“The talks are happening as the once-formidable German bank prepares a major reorganization aimed at shedding thousands of jobs and downsizing or abandoning whole business lines. Its equities business, in which its prime brokerage sits, was once a key revenue driver within the investment bank. It is now among those on the chopping block as the bank ends long-frustrated efforts to compete in an area dominated by stronger rivals.”
Europe’s largest banks face a total capital shortfall of €135 billion after the European Banking Authority “substantially jacked up its estimate of how much more capital banks in the bloc will need to comply with new global rules, a fresh blow to a sector already struggling with various headwinds. The EBA’s official forecast is bad news for banks including Deutsche Bank, which have relied heavily on their own internal risk models to calculate how much capital they should hold, and are already struggling with stagnant profitability.” The rules will start to be phased in after 2022 and fully in force by 2027.
BBVA’s former chief operating officer and seven other current and former bank executives have been named as “persons of interest” in an investigation into corporate spying at the Spanish bank and have been ordered to testify later this week “about accusations of bribery and the disclosure of confidential information. The court is investigating whether BBVA hired a company to spy on a would-be buyer and members of the government of the former Socialist prime minister José Luis Rodríguez Zapatero more than a decade ago.”
Revolut, one of the U.K.’s fastest growing fintech firms, has named banking veteran Richard Davies as its chief operating officer. “The appointment of Mr. Davies, who has previously held senior positions at TSB and HSBC, will be seen by some as part of the challenger’s efforts to show it is 'growing up.’” The company has recently faced criticism from the U.K.’s Financial Conduct Authority and Advertising Standards Authority. “In response, Revolut has pledged to improve its internal culture and governance.”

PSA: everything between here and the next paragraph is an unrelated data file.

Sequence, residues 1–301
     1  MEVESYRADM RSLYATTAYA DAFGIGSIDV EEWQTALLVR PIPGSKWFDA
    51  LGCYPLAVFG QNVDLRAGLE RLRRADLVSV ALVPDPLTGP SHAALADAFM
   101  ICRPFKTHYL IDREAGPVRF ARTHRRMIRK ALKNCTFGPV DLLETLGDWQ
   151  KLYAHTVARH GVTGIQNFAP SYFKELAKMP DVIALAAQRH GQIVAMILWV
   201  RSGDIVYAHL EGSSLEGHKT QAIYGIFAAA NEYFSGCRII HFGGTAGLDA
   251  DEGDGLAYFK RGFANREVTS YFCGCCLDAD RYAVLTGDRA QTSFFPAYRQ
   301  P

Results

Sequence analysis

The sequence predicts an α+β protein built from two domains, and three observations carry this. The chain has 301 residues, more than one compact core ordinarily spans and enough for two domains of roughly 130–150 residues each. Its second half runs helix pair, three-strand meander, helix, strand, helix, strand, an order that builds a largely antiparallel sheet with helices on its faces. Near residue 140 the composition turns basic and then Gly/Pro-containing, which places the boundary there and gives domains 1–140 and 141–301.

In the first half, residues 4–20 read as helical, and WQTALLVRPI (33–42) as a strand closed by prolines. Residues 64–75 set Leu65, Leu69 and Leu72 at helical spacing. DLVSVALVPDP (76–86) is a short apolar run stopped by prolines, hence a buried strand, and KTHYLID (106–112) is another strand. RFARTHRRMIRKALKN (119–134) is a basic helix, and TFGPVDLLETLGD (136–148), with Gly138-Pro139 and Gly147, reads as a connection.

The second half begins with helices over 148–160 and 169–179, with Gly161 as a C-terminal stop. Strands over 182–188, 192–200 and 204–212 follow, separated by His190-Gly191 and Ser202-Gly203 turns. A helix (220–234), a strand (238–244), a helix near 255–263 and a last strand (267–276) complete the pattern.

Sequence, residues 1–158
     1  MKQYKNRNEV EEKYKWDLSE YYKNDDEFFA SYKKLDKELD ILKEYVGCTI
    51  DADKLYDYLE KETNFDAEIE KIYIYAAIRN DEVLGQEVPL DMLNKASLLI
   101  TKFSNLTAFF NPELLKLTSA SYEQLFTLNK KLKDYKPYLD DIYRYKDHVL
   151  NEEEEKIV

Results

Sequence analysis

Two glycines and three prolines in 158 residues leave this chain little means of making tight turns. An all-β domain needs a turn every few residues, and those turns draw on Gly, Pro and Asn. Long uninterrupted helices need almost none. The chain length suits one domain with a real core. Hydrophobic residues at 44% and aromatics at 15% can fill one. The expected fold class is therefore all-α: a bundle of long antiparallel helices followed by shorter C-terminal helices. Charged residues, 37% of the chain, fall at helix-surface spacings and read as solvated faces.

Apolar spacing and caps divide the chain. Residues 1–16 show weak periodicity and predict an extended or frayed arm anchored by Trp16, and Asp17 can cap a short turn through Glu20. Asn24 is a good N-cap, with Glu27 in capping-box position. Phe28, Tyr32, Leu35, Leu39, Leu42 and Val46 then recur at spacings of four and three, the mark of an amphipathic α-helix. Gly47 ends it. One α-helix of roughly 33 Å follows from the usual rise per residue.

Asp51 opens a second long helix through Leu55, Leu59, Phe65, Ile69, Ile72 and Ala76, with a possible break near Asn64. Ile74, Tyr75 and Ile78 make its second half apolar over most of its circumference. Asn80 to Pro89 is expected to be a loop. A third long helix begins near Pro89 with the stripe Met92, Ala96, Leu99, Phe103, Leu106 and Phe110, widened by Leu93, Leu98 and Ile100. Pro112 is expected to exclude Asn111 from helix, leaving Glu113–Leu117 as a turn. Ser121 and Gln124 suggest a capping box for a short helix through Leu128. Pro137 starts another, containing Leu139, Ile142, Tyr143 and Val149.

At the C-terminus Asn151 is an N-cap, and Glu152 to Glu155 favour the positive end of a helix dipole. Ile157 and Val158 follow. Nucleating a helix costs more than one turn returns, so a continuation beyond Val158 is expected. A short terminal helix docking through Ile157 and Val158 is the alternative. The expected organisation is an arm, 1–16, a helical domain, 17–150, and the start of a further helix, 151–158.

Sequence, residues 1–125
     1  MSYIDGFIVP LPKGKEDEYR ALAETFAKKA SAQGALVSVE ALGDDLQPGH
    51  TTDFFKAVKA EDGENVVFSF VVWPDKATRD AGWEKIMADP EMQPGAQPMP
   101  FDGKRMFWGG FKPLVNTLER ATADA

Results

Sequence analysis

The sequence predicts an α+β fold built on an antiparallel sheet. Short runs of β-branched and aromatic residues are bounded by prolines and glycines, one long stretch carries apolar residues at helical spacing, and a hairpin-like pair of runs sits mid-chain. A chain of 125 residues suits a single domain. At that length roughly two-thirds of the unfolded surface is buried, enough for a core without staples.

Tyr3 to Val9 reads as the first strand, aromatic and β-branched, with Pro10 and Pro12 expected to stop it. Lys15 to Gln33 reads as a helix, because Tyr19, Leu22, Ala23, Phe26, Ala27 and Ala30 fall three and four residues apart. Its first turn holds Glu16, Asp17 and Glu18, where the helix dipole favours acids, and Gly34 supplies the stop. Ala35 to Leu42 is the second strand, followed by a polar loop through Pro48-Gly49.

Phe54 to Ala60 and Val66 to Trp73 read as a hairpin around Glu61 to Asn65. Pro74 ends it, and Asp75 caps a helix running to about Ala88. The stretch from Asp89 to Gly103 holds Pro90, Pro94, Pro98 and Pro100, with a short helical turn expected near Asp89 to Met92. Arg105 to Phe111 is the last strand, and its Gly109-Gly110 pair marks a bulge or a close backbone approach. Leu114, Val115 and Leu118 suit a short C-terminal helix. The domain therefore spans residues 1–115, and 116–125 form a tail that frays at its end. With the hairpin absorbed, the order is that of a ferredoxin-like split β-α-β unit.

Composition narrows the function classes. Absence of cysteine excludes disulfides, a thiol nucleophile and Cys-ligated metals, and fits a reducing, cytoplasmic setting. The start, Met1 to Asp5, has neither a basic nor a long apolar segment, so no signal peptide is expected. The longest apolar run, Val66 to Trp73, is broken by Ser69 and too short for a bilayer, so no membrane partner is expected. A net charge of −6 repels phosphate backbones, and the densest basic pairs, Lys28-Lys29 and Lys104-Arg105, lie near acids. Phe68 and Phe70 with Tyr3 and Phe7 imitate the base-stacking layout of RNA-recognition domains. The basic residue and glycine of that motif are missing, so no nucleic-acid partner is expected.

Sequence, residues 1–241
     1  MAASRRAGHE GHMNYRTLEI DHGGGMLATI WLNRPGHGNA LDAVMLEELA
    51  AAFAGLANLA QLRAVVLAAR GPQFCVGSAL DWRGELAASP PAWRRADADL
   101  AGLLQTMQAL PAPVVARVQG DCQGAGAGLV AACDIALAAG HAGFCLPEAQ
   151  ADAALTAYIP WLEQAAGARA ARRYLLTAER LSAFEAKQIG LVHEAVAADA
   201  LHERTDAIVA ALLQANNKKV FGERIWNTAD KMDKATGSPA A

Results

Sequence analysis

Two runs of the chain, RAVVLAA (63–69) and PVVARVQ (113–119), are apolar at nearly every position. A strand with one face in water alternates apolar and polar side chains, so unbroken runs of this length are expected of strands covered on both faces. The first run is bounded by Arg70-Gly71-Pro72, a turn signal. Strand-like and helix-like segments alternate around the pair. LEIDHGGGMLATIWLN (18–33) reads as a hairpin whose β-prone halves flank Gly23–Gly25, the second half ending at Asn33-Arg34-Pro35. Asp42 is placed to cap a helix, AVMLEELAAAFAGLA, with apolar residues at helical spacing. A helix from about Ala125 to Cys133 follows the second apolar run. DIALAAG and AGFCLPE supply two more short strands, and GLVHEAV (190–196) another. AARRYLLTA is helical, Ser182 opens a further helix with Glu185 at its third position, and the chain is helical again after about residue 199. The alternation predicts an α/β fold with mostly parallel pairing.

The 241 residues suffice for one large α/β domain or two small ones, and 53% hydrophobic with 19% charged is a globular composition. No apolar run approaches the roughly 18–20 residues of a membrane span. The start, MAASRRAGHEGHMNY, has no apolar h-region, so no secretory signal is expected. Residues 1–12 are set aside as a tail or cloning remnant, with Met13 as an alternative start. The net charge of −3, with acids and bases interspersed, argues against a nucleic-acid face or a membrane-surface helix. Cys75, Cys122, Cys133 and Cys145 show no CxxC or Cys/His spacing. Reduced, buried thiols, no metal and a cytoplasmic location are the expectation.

Andrea Orcel, the former head of UBS’s investment bank who was offered the CEO job at Santander before the offer was pulled at the last minute in January, is planning to sue the Spanish bank for €100 million. Santander rescinded the offer after it found out it would have had to pay Orcel €50 million to get him to leave UBS.
“We need to ensure that innovation works in the interests of consumers. We need to consider whether consumers understand and actively consent to the trade-offs inherent in those business models. And we need to consider the wider impact on market integrity and stability. We need to bring new technology, jargon and marketing back to first principles before we can answer tricky policy questions on topics such as consumer protection, market integrity or competition.” — Christopher Woolard, a senior regulator at the U.K.’s Financial Conduct Authority, warning Facebook and others against taking shortcuts when bringing financial services products to market